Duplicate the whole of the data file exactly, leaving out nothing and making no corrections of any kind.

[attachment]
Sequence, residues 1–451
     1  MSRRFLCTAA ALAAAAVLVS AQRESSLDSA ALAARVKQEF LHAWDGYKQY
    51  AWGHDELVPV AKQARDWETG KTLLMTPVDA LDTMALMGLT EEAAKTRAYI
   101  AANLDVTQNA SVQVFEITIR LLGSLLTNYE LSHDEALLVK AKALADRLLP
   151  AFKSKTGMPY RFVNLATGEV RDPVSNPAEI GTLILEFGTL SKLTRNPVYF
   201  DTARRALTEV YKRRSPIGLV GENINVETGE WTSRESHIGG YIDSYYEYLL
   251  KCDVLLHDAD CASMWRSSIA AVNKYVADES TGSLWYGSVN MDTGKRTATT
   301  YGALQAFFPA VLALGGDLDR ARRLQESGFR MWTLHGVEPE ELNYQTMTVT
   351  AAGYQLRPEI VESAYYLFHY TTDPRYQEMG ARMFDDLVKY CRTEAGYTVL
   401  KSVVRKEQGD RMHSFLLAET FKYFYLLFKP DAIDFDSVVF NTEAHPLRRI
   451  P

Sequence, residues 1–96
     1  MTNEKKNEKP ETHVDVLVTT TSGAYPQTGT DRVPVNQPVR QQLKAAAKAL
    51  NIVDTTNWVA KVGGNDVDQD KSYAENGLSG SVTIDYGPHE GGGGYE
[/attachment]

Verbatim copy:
Sequence, residues 1–451
     1  MSRRFLCTAA ALAAAAVLVS AQRESSLDSA ALAARVKQEF LHAWDGYKQY
    51  AWGHDELVPV AKQARDWETG KTLLMTPVDA LDTMALMGLT EEAAKTRAYI
   101  AANLDVTQNA SVQVFEITIR LLGSLLTNYE LSHDEALLVK AKALADRLLP
   151  AFKSKTGMPY RFVNLATGEV RDPVSNPAEI GTLILEFGTL SKLTRNPVYF
   201  DTARRALTEV YKRRSPIGLV GENINVETGE WTSRESHIGG YIDSYYEYLL
   251  KCDVLLHDAD CASMWRSSIA AVNKYVADES TGSLWYGSVN MDTGKRTATT
   301  YGALQAFFPA VLALGGDLDR ARRLQESGFR MWTLHGVEPE ELNYQTMTVT
   351  AAGYQLRPEI VESAYYLFHY TTDPRYQEMG ARMFDDLVKY CRTEAGYTVL
   401  KSVVRKEQGD RMHSFLLAET FKYFYLLFKP DAIDFDSVVF NTEAHPLRRI
   451  P

Sequence, residues 1–96
     1  MTNEKKNEKP ETHVDVLVTT TSGAYPQTGT DRVPVNQPVR QQLKAAAKAL
    51  NIVDTTNWVA KVGGNDVDQD KSYAENGLSG SVTIDYGPHE GGGGYE